On January 19 the European Commission released a preliminary plan which is designed to reduce the European Union’s dependence on the US dollar. In addition, the plan signals an intention to protect European companies from Washington-imposed extraterritorial sanctions. As a long-term strategy, it states an intention to “considerably” increase the role of euro as an international currency.
European officials, who are in charge of financial transactions, emphasize that the sanctions and tariff strikes carried out by the Trump administration against potential allies in the past couple of years point to the still high level of Europe’s dependence on the financial system with the American dollar in the center. Washington’s policy «had an outright negative impact on the EU’s and member countries’ capacity to promote their foreign policy interests».
At present, the American currency accounts for more than four fifths of all exchange transactions worldwide. As a result,, if Washington needs to block any financial transactions, all it needs to do is to enter individuals, organizations or countries on the “black list”, which will be sent to all banks across the globe. For fear of losing the possibility of making payments in dollars, an overwhelming majority of companies and financial institutions have to follow instruction from US authorities.
On December 3, 2020 the Directorate General for External Policies of the European Parliament published a special report on orders from the Committee on International Trade which says that «US extraterritorial sanctions against Russia, Iran and Cuba affect the interests of EU countries and are legally groundless». Such measures, the report points out, run counter to WTO regulations, while the American secondary sanctions, which block access to the dollar-based financial system, are estimated by the authors of the document as «a serious challenge to the 27 Union countries».
For a major protection measure the report calls for «increasing the share of payments in euros or terminating cooperation with the US in some areas».Under the document published on January 19, the European Commission expects that a general plan approved in the summer last year to rescue the EU economy from the consequences of coronavirus pandemic, along with the supplementary programs of financial restoration as part of the 7-year budget, will become key to an early consolidation of the EU financial policy. This, in turn, will set the stage for strengthening the international role of the euro.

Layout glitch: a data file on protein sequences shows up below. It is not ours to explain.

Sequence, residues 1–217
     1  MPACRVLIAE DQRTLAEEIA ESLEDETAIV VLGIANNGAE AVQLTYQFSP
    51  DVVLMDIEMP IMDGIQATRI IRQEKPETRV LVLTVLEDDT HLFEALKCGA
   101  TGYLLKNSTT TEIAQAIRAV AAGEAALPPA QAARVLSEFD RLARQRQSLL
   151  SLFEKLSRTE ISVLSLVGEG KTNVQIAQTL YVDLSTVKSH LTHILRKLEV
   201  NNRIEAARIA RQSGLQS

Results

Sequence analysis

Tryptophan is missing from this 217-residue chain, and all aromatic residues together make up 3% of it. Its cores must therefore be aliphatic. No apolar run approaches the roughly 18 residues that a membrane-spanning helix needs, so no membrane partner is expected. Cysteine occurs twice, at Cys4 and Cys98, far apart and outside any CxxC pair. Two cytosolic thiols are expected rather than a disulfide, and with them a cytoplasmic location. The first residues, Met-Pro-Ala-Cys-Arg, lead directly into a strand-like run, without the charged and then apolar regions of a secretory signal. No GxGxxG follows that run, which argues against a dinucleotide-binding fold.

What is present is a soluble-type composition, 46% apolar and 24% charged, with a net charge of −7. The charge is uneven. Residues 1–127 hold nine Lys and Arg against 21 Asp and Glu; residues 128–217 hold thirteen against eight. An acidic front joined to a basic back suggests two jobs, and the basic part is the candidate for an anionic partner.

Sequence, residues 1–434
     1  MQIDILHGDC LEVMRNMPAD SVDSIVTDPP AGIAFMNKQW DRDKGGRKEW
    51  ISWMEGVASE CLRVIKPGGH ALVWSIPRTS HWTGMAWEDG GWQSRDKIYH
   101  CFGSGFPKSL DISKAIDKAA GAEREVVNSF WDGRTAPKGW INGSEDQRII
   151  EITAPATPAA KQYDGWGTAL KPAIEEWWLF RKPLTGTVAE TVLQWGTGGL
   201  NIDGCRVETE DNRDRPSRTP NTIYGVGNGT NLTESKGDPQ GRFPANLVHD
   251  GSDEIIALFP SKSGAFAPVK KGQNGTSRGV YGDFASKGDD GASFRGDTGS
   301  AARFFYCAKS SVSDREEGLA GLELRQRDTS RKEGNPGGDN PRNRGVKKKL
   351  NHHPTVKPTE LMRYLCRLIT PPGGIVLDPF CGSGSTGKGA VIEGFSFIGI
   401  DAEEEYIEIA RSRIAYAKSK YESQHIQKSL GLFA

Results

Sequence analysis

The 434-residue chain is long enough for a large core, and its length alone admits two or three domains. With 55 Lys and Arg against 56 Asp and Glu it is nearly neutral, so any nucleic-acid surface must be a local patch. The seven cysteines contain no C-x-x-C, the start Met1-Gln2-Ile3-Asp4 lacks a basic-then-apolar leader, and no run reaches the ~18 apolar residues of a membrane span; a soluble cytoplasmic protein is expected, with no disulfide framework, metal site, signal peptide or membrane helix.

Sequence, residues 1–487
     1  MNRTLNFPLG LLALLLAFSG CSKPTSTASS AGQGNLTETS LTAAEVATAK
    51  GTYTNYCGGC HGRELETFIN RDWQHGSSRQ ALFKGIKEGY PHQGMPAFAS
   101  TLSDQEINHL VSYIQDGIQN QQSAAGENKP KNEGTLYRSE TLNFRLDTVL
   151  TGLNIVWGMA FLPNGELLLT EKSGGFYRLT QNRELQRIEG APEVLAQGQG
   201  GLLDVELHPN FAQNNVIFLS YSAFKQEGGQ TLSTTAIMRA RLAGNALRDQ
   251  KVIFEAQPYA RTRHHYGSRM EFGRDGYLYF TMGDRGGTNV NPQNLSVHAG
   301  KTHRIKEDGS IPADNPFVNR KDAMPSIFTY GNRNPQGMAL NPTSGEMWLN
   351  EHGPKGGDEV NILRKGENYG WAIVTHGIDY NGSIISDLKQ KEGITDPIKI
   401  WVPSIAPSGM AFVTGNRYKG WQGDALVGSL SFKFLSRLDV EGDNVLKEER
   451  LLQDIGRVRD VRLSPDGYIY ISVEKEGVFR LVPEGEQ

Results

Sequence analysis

The “rescue plan” was approved in the amount of 750 billion euros, and, for the first time ever, the EU members agreed to issue a common debt to finance it. It is expected that emission of new bonds, both by individual EU members, and by the Community as a whole, will contribute to «a considerable expansion of liquidity on the EU capital markets» and will attract investors.
While the history of top world reserve currencies goes back several centuries, none of them has ever occupied such a domineering position as the US dollar nowadays. In our time, the only instance of a relatively fast change of reserve currency – from the British pound to the US dollar – took place as a result of two world wars.
Overall, experts are unanimous that a country or a community of countries that claim the role of reserve currency emitter, must possess a large-scale, growing and sustainable economy, a developed financial market, which offers potential investors huge liquidity volumes and a variety of reliable assets, and must guarantee freedom of capital movement. Finally, they must demonstrate readiness and capability to play a leading role in international relations, that is, to have a substantial military and geopolitical weight.